Crinoids Facts: Feather Stars and Sea Lilies
29th edition of Marine Life monthly post. Marine Life post published every 19th of the month. It aims to share information on marine life species and to promote their conservation. All images and video in this post are taken by Indah Susanti unless stated otherwise.
You might have seen the video of swimming feather star on social media, it was captured by Els van den Eijnden in Padang Bai (Bali, Indonesia) and published in Youtube in November 2016 – Feather Starfish (Crinoid) in Blue Lagoon Padang Bai, Bali by Els Van Den Eijnden. Somehow, the National Geographic on its article in December 2016, claimed the video was made in Thailand, while Dailymail got it right by mentioning the original source, that it was taken in Bali (Indonesia). Sometimes we can not just depend on one news source, can we? 😉
Anyway, the truth that I know for sure: you can see the feather stars in Indonesia and Thailand. This incredible species is actually a marine animal called crinoid. They are common to see in shallow waters and as well in deep waters.
There are two types of crinoid, the crinoid that have stalks called as sea lily; and the ones that have no stalks called as feather star. Instead of having stalks, the feather star has parts that look alike roots. The sea lily image here is part of images collection from the NOAA Photo library.
The crinoids have various different colors and they are gorgeous. They are varied in species and we can identify them from their colors.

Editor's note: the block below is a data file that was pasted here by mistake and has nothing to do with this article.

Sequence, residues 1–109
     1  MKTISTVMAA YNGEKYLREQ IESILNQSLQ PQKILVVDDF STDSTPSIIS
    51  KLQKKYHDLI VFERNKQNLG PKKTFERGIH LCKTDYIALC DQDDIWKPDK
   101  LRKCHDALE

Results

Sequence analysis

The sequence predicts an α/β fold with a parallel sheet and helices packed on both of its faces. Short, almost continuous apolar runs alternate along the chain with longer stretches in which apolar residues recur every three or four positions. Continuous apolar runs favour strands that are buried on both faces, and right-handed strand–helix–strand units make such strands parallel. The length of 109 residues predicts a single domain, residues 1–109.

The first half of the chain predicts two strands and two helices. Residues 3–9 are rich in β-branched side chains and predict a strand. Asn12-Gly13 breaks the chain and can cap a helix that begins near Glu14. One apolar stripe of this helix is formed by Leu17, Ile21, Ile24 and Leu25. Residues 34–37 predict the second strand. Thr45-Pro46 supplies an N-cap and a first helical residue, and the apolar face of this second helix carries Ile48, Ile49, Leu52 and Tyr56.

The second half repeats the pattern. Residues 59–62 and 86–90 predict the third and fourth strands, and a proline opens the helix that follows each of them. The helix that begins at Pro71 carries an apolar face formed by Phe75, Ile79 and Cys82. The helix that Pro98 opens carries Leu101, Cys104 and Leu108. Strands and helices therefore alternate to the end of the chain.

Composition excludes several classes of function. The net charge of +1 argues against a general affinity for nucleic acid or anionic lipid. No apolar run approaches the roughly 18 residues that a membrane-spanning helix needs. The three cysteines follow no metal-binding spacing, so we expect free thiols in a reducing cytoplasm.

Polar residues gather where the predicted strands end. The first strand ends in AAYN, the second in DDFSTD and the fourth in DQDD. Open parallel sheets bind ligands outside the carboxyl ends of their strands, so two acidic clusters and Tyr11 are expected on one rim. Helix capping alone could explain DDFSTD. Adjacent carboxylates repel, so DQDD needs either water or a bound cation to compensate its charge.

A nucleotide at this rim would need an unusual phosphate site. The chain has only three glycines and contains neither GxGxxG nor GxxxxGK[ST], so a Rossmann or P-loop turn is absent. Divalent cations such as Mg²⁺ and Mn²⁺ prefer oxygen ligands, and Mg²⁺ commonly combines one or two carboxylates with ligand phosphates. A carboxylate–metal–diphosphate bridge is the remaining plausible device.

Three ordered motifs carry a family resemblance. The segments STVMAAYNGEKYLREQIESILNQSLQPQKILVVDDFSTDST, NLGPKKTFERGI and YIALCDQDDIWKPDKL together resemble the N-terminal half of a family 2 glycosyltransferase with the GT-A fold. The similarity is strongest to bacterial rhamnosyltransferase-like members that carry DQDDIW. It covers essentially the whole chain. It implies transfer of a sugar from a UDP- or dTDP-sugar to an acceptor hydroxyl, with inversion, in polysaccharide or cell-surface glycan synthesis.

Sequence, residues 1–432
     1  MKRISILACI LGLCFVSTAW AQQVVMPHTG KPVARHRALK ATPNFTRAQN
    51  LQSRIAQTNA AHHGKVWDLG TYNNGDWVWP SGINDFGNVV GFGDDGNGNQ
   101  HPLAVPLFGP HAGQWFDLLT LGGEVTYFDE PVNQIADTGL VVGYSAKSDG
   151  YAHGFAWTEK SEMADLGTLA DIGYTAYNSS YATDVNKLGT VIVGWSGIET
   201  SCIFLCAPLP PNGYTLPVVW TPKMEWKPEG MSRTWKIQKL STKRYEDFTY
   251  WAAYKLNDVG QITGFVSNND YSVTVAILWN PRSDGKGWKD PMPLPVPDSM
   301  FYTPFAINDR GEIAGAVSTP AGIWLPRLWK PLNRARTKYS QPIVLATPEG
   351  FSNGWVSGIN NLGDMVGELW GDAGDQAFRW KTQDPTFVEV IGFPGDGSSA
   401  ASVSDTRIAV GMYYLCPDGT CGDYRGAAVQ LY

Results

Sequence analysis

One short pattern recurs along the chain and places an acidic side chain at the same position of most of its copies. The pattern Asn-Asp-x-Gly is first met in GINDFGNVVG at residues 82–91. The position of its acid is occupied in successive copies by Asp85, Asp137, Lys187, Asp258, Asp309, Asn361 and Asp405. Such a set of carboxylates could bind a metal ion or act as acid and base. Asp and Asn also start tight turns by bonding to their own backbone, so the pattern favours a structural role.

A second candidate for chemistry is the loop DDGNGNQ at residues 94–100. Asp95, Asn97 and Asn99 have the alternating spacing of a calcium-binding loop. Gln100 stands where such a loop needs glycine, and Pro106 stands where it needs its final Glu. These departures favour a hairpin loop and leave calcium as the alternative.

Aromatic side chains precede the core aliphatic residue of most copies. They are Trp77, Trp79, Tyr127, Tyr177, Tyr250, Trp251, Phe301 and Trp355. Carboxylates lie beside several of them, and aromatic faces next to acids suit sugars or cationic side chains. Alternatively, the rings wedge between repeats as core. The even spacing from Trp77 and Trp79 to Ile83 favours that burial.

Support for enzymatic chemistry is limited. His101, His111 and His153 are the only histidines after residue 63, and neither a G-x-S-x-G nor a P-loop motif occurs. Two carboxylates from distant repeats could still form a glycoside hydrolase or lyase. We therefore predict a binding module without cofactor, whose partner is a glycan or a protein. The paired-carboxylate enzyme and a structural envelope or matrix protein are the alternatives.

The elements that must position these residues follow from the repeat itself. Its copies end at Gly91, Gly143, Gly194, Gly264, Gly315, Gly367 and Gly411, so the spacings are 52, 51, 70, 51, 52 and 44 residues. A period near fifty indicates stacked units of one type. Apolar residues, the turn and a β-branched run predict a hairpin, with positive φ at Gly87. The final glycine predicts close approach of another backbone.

Just like the star fish and the sea urchin, this marine animal is confusing to look at. Which are their faces, arms and mouth? These questions come to my mind, but then I realize, I asked those questions because I considered that all lives in this planet has similar features. It’s not the case in the ocean life. Following is a diagram from Livingstone, shared by Trisdik about the anatomy of the feather star and the sea lily.
They eat food particles of the sea water and filter the food through their arm that has sticky part. Their arm, similar to the star fish, can regenerate.
The crinoid provides protection to the commensal shrimps that live in the crinoids. The shrimp camouflaged its skin color to the color of its host. I also have witnessed the ghost pipefish kept swimming near to the crinoid and camouflaged its colors to the crinoid’s color.
The way its swim has captured many people’s interests. I was lucky that I have seen the swimming feather stars multiple times during our dives in Indonesia and the Philippines. One of the occasions was captured by our GoPro video. It was not as good as the movie captured by Els van den Eijnden, but yes, you can see them swimming around and it’s fun to see them!